Browning-Ferris argued that the common law criteria for joint employment historically have focused on active control. Although a company’s “reserved” or “indirect” control could be considered by a court, the “center of gravity” of the inquiry into joint employer status must be the affirmative actions of a company vis a vis its contractor’s employees. In Browning-Ferris’s view, the NLRB wrongly conflated a company’s economic influence over its contractor with control over that contractor’s employees. Economic influence derives from the fact that Browning-Ferris’s at-will contract seeks an end product or result, and the company must have the right to hold the contractor to those terms. Thus, in the Browning-Ferris/Leadpoint example above, Browning-Ferris had economic leverage over Leadpoint because it had the right to monitor the contractor’s end product and demand better performance. However, the company argued, that was not tantamount to setting the terms and conditions of employment for Leadpoint employees.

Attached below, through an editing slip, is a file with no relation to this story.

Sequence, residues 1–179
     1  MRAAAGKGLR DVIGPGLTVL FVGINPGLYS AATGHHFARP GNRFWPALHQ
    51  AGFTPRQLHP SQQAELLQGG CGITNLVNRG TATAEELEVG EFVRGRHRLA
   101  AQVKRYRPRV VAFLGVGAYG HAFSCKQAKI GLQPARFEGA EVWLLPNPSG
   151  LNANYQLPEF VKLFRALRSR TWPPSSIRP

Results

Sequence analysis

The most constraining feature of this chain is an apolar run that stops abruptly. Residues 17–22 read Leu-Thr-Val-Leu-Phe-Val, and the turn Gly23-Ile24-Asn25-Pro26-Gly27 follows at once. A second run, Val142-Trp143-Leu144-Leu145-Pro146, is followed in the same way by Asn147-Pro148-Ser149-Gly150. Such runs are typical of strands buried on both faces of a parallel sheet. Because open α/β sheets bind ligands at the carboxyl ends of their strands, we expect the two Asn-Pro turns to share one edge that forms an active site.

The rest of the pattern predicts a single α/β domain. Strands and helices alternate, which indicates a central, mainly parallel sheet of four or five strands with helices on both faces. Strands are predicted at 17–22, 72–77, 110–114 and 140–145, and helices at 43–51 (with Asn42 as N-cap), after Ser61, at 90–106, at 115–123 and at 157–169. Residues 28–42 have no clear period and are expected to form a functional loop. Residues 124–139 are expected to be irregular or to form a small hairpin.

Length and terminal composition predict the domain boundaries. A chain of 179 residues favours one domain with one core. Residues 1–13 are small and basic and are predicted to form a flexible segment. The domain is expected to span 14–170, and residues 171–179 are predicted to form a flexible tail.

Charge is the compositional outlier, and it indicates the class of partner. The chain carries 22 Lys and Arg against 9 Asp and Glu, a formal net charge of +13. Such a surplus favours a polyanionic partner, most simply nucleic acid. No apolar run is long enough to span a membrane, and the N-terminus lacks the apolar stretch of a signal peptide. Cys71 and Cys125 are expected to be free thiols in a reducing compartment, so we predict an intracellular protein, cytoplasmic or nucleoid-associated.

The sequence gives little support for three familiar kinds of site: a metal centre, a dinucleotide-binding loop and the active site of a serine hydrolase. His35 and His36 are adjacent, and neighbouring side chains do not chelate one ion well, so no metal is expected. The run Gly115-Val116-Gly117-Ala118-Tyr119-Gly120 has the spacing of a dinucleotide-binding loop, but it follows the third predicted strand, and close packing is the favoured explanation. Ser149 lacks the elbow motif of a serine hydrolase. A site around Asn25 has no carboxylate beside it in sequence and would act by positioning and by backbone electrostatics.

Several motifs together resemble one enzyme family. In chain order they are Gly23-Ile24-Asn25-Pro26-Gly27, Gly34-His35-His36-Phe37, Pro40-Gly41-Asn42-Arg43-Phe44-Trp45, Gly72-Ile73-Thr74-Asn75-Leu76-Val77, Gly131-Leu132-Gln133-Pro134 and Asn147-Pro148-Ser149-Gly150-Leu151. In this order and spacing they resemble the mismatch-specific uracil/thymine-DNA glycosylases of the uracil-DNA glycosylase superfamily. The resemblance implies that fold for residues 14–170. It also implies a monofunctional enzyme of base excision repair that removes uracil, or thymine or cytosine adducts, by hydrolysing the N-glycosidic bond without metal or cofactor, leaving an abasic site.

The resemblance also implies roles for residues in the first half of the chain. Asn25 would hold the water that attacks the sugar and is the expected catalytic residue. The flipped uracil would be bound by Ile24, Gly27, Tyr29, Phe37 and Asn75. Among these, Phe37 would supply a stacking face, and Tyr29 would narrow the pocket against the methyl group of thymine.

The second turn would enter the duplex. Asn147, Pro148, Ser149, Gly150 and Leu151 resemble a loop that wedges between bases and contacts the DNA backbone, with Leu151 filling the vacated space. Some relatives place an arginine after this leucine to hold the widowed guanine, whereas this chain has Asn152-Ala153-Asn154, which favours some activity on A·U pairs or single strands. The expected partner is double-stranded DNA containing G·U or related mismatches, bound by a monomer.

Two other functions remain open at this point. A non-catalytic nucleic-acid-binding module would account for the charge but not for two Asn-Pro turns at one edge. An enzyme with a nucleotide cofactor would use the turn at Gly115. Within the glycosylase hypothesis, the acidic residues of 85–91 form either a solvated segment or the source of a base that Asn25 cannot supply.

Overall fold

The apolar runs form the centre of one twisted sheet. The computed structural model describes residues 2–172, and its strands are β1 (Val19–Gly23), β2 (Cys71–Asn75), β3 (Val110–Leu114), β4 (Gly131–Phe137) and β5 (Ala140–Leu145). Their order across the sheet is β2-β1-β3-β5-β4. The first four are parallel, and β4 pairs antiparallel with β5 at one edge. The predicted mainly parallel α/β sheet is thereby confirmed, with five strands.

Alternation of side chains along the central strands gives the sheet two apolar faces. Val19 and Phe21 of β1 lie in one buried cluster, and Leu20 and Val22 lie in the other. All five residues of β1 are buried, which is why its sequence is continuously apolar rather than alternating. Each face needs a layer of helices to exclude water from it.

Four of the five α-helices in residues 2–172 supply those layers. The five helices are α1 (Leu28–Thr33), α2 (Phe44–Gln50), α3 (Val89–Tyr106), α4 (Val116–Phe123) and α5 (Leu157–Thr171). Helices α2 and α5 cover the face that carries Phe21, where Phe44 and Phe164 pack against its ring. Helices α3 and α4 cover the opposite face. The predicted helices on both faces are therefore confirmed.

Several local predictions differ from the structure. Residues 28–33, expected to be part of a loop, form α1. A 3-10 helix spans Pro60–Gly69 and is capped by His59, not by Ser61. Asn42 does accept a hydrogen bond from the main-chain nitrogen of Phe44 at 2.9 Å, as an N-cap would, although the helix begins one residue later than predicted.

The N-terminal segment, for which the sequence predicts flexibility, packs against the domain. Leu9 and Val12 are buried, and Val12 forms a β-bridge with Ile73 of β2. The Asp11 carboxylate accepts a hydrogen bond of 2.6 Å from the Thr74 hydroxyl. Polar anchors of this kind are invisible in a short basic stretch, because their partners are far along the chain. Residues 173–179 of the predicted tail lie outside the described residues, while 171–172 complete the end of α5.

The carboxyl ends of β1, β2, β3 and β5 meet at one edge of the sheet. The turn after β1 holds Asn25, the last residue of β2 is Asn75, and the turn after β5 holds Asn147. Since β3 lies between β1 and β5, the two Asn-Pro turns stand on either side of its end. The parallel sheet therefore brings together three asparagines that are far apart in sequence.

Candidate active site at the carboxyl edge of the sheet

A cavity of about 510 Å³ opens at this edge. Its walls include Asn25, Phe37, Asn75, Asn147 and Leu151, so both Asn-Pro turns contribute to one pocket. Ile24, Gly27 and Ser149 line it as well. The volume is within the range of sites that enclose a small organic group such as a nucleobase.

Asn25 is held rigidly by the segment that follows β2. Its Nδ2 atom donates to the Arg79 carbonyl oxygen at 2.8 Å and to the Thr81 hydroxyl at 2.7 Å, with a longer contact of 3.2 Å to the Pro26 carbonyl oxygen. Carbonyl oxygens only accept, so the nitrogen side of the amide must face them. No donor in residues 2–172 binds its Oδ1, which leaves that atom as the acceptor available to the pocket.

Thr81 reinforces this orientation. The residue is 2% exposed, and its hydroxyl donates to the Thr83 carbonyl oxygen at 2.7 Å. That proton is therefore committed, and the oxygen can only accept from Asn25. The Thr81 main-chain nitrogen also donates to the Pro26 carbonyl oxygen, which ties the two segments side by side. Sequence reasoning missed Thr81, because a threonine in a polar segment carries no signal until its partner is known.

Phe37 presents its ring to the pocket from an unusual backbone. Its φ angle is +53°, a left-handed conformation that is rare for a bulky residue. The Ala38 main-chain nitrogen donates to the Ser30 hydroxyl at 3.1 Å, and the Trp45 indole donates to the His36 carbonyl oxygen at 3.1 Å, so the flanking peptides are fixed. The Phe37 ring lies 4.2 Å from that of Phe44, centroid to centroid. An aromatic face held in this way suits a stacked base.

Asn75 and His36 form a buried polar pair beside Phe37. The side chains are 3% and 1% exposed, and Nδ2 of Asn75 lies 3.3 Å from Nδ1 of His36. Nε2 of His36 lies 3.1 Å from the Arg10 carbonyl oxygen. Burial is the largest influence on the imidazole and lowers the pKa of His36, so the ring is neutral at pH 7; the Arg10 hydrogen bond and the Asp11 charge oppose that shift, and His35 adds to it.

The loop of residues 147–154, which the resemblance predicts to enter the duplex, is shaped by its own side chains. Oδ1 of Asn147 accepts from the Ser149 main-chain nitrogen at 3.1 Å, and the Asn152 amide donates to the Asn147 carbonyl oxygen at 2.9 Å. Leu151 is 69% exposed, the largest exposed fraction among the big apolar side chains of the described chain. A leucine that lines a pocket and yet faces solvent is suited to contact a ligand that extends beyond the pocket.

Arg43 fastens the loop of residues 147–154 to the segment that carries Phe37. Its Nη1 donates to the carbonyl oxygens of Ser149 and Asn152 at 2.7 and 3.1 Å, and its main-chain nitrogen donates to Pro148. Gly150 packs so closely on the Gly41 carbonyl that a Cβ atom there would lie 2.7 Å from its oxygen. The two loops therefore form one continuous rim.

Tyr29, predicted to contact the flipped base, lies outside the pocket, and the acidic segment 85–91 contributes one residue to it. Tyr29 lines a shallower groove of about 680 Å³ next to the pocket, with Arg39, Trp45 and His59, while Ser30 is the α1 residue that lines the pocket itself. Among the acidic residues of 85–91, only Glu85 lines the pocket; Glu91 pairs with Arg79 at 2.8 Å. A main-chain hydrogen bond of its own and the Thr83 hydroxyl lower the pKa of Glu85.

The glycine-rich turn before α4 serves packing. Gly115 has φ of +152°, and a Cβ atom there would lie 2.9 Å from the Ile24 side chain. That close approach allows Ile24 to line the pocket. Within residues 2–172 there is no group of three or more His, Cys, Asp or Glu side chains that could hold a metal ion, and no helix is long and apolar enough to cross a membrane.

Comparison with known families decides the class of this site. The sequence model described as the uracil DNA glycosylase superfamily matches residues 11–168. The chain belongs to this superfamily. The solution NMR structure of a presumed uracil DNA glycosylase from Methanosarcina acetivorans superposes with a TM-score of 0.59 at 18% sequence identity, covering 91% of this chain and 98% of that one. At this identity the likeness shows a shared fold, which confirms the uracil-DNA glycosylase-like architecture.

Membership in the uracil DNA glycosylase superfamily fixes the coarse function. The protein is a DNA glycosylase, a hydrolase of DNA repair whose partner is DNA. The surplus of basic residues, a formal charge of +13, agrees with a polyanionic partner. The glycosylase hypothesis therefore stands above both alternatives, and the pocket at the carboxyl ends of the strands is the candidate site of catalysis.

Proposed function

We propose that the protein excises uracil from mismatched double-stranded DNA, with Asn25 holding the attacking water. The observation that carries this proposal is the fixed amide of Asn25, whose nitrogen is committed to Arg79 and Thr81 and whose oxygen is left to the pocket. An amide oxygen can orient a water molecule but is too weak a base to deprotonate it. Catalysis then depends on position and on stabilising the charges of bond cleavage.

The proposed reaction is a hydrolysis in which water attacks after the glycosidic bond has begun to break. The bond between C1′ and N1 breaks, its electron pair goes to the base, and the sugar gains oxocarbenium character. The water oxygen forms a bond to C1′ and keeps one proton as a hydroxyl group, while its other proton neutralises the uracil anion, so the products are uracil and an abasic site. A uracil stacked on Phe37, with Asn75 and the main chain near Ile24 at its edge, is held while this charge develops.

In contrast, the Union and the NLRB argued that Browning-Ferris had “near constant oversight” of Leadpoint employees and their work performance, and characterized the relationship between Browning-Ferris and Leadpoint as a “unified chain of command.” Using Leadpoint supervisors as intermediaries to relay instructions amounted to “routine indirect supervision,” an indicator of joint employment. Conceding that Browning-Ferris did not hire, fire, or oversee benefits or paid leave for Leadpoint employees, it nonetheless viewed Browning-Ferris’s right to control the speed of production, place employees in particular positions on the line, and set work hours and break times, as active control. The NLRB seemed to concede that the hotel owner who transmitted instructions to the landscaping company (in the example above) could be considered a joint employer. Judge Millet noted that the NLRB had not provided any practical examples of how the new test would be applied.